2.7 SARS-CoV-2 Culturing

In order to study the viability of SARS-CoV-2, additional three air samples were collected from the female washroom on Dec 22 as described above, and further virus culturing was conducted. The virus cultivability was conducted by the Chinese Center for Disease Control and Prevention. Air samples collected were mixed with 3–5 ×104 Vero cells (WHO (ECACC)) and then distributed in 96-well culture plates. The plates were cultured in a 5% CO2 incubator at 37°C for 4 days in a BSL-3 Laboratory, and cells were then checked for the presence of a cytopathogenic efficiency (CPE) under a microscope. If no CPE was observed, the sample was described not to have a viable SARS-CoV-2.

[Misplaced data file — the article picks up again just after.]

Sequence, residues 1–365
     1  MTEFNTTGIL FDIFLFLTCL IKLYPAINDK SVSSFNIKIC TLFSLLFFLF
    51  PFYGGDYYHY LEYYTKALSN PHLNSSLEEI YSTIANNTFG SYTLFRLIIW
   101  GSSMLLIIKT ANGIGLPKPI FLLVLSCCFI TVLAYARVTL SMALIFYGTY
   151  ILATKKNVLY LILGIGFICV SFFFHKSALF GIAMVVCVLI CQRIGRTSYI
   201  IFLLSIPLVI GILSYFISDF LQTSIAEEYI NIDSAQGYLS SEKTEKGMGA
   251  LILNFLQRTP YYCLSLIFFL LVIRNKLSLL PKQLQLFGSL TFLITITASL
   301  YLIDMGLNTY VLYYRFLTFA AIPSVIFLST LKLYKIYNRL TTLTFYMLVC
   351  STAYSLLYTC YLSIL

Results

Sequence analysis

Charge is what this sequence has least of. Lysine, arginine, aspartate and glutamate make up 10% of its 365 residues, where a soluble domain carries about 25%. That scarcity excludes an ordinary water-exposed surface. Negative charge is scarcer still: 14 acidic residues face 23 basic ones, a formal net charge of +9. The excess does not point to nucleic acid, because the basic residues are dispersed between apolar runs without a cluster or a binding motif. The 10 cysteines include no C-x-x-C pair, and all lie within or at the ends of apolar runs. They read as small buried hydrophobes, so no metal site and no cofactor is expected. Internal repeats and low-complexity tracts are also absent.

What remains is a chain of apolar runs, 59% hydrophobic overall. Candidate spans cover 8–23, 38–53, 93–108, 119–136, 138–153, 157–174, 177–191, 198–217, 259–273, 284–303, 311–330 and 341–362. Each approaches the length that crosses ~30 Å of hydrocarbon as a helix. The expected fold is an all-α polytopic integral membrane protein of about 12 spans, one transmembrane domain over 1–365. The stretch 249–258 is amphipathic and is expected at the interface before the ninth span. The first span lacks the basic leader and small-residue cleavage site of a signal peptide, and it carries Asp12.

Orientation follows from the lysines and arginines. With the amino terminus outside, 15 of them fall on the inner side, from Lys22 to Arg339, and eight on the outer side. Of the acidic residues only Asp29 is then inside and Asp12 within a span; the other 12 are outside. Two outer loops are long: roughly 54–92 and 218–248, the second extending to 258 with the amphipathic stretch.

Epidemiological tracing revealed that these two fast food employees and also those two cleaners used the same toilet, washroom and also bathroom during the outbreak time period. In the washroom, there is a washing machine that was used by the cleaners to wash the hotel uniforms. Surveillance video also reveals that one of the cleaners entered the employee building about 1 minute after two confirmed COVID-19 staying in Room #10 did around 9:00 PM on Dec. 13, 2020 (Fig. S2) through the employee building stairs. The hotel employee staying in Room #9, free from SARS-CoV-2 infection, had a brief conversation (a close contact) with the traveler who wore a mask at the time. The cleaners did not know the two confirmed fast food employees from Company B. During the screening campaign, the two hotel cleaners were both tested negative for COVID-19. Disinfections were carried out for both employee building and the hotel on Dec. 17, 2020 and finished on at 2:30 AM of Dec. 18, 2020.